In supporting peer-to-peer learning, each educator should consider the level of internet connectivity that each of the students will have.
Peer-to-peer learning works best when students have consistent access to their peers to support them after they have struggled with the problem for a bit by themselves or in a group, and before they become too frustrated and give up. For most students this means accessing a peer or group of peers within minutes or maybe hours, but not days.
However, that may not be possible for all students. For your students who are not consistently connected, you may find it better to keep them connected through more long term supports like providing each other positive notes from the school year (in a way that meets guidelines and paper transmission and disease prevention).
Self-Paced Learning and Reflection
Especially during the early stages of crafting a remote learning program, you may rely on self-paced modules where students build their skills, slowly advancing to competency in a particular area. These modules have become very popular and many use strong pedagogical techniques to help students gain knowledge and confidence.
You should promote reflection that has students thinking about what they are learning and why it matters; otherwise, these modules are also liable to feel like busywork to students. Exemplary modules should be relevant to students and connected to their overall learning objectives and tasks they will need to carry out as part of their daily life, both now and in the future.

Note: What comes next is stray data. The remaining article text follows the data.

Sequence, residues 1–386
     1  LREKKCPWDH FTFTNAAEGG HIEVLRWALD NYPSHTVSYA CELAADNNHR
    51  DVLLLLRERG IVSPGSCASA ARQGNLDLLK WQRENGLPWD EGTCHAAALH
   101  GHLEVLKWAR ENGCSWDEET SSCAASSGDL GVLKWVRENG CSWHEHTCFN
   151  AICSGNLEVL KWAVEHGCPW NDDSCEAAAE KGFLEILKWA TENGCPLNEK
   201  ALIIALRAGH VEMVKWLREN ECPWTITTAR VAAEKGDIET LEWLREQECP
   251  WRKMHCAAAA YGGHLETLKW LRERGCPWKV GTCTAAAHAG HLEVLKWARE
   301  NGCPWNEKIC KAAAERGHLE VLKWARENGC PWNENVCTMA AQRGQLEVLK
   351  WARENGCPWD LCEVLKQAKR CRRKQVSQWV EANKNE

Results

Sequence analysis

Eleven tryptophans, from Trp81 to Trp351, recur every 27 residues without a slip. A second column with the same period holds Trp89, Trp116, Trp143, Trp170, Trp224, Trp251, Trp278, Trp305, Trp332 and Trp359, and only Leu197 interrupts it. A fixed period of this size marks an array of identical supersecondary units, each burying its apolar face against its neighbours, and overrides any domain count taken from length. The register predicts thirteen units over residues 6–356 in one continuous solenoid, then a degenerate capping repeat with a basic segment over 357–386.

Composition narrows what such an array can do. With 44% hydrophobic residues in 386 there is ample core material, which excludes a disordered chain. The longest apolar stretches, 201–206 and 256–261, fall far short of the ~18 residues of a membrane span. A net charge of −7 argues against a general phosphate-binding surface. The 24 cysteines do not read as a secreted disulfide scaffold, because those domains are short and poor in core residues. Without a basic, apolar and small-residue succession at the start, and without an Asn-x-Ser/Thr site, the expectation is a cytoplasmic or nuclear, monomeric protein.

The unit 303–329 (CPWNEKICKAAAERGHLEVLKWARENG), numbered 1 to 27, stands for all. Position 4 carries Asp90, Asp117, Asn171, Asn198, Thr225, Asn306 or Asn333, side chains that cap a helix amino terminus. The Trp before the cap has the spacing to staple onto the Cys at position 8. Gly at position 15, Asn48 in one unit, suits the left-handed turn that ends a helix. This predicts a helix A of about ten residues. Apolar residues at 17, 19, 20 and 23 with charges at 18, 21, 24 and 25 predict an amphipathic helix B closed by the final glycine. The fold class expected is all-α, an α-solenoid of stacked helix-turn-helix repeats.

This kind of reflection is most effective when students are able to use a combination of their preferred modalities to express what they are learning. Some may prefer to draw maps and charts of how their learning fits together. Others may want to have conversations with trusted mentors or peers. It is important to give students flexibility in when and how they reflect while still making sure the reflection process does not get left behind. However, students should also strive to establish a routine, in terms of with whom and how often they reflect.
In promoting self-paced learning and reflection each educator should consider the level of internet connectivity that each of the students will have.
Reflection works best when students (1) have a consistent place to record their learning, (2) you are able to review these records frequently, and (3) you can provide supportive notes and feedback.
However, that may not be possible for all students. For your students who are not consistently connected, you may consider using an alternate form of communication (like email, letters, or phone calls) to check in with them or their parent or guardian (depending on your school’s communications policy).
As a teacher, you may be used to watching the active learning unfold in your classroom, and now is your chance to think about how to help students engage with those around them or work in virtual environments to actively solve problems. Be creative, be flexible, and continue to challenge yourself and your students, so your students can keep learning wherever they are.
Costa, A. L., & Kallick, B. (2008). Learning through reflection. Learning and leading with habits of mind, 16, 221–235.
McFarlane, R., Spes-Skrbis, M., & Taib, A. (2017). Let’s Chat-A fresh take on the invaluable role of peer-to-peer conversation in student engagement, participation and inclusion. Student success, 8(2), 107–112
Mergendoller, J. R. (2018). Review of the Research: High-Quality Project-Based Learning. Buck Institute for Education.